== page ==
Human sacrifice, severed limbs, crazy locals and mummification. I guess it’s that time of the month again. Welcome to the wonderful world of Japanese cinema. Kenta Fukasaku (Yo-Yo Cop Girl, Battle Royale 2) is back behind the camera for his fourth feature, working from a script by Tetsuya Oishi (the Death Note movies), based upon a novel by Nobuyuki Joko. It’s a familiar tale of love and loss, with emphasis very much on the loss of limbs, and you know, not loving that loss very much.
Shiyori (Nao Matsushita) has just split up with her boyfriend, so her best friend Aiko (J-Pop star Ami Suzuki) suggests a relaxing break in the mountains to get away from it all. I'm pretty sure this is going to end well. Two locals from Ashikari Village are there to greet the girls when they arrive, complete with arched backs, crooked teeth and native dialect. You would expect the alarm bells to start ringing, but no, these girls aren’t even spooked by the creepy scarecrows that watch over the village. They’ll probably be regretting that later, mummified dead girls may keep the crows away but they don’t exactly make for good Facebook albums.
After a dip in the spa, Shiyori returns to her cabin, only to discover a ringing phone on the floor. A guy called Mononobe warns her of trouble, screaming at her to get the hell out before they chop off her leg. Shiyori is horrified by the nature of the call; this was clearly not the kind of break she was hoping for. It turns out that the local residents and certified crazies have been sacrificing young girls for years, chopping off their legs so that they can’t escape. I’m pretty sure none of this was mentioned in the brochure either.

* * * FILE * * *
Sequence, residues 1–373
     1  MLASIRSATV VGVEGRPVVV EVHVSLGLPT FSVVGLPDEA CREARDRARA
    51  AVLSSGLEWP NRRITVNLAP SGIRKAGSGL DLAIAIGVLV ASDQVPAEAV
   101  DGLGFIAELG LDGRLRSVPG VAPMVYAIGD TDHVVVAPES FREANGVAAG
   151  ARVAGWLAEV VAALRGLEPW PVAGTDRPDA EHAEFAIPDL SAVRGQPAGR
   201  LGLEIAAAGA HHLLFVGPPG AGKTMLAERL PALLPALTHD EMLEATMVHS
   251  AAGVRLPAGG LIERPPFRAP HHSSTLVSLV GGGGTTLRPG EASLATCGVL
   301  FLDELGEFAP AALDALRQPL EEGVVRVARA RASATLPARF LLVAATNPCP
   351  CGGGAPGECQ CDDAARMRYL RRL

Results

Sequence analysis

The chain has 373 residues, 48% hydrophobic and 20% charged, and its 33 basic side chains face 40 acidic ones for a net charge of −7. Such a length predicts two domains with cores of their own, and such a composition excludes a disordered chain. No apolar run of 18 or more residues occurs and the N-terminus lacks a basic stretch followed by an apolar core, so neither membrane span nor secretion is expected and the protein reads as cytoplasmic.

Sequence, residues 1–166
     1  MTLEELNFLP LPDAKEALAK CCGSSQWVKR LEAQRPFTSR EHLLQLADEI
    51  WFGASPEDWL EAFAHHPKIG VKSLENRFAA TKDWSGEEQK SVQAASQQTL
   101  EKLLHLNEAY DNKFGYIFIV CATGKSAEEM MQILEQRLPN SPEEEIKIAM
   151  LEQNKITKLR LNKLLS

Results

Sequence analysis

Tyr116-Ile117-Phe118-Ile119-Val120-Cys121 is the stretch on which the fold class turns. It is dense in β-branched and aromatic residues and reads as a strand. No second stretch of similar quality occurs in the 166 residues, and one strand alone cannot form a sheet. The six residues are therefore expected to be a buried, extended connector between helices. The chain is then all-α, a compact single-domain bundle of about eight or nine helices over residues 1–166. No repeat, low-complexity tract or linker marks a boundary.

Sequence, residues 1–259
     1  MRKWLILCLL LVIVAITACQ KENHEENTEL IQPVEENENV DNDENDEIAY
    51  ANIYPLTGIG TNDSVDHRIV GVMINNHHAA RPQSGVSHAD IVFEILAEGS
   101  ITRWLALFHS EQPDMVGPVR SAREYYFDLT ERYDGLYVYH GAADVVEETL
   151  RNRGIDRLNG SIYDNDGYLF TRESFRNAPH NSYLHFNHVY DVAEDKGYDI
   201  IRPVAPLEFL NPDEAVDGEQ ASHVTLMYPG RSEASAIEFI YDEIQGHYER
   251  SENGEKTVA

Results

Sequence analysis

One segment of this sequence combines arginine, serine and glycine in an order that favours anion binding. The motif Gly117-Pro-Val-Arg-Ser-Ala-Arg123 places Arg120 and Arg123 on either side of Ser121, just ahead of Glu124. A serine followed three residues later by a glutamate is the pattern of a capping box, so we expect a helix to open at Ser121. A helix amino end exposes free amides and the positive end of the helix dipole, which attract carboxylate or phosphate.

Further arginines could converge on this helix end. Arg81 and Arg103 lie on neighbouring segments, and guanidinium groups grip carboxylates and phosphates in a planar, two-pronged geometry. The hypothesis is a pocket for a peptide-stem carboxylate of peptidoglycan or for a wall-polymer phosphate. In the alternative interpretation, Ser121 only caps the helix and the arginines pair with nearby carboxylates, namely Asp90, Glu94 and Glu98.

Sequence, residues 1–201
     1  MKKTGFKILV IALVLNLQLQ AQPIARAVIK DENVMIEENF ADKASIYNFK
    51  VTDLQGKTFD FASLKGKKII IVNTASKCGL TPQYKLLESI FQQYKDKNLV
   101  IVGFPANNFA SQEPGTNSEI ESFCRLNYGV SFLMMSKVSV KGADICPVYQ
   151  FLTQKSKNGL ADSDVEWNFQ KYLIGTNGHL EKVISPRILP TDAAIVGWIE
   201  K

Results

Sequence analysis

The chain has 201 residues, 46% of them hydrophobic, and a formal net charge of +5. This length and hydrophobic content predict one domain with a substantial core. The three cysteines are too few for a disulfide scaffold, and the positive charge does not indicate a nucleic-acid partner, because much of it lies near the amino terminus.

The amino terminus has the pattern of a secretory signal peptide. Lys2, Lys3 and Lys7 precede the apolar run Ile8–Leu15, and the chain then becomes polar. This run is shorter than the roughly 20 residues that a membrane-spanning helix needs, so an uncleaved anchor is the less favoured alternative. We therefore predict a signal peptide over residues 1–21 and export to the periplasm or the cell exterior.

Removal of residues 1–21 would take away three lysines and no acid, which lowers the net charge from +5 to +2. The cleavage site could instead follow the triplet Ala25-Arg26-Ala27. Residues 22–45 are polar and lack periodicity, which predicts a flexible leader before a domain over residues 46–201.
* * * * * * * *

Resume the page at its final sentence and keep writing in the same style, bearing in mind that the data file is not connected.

Multiple time frames will keep you glued to the screen as Kenta Fukasaku does his father proud with a feast of relentless action, dark humour and chainsaw wielding heroines. His follow up to Kinji’s Battle Royale was of course, underwhelming, never nearly frantic enough to please such a large cult following. The same can be said for his take on Yo-Yo Cop Girl; both films certainly had their moments but never truly captured the spirit of the source material. Not so X Cross, here we have a hearty portion of crazy shit, served up with a side order of anarchy and a bottle or two of the red stuff.
Nao Matsushita is good in the leading role, but her character isn’t entirely memorable. She plays the token horror victim with a high moral ground and low common sense. It’s Ami Suzuki who gets to have all the fun; Aiko is the wildcard of the piece with a penchant for easy guys, maniacal ex-girlfriends and high-powered chainsaws. She has her own problems to contend with when she comes face to face with Reika (Maju Ozawa), giant scissors and a need for revenge are the order of the day here, and Reika comes on like a cross between Little Bo Peep and Freddy Krueger.
She’s a mesmerising creation and her scenes are by far the most enjoyable of the entire movie. “Have you ever seen the true face of Hell?” she asks inquisitively of her capture, brandishing a pair of blades that would put pay to Rapunzel’s mane in no time. Kenta cuts loose with a stylish flurry of kick ass action and devilish humour. Snip, snip, snip indeed.
I wasn’t expecting much from Kenta Fukasaku’s latest, but with X Cross he has directed the best film of his career. Destined to become a firm favourite among Japanese movie fans, X Cross really does mark the spot. Creepy concepts, lofty performances and polished delivery combine for a bloodstained romp that demands to be seen. This is what Japanese cinema is all about, so go on, break a leg. AW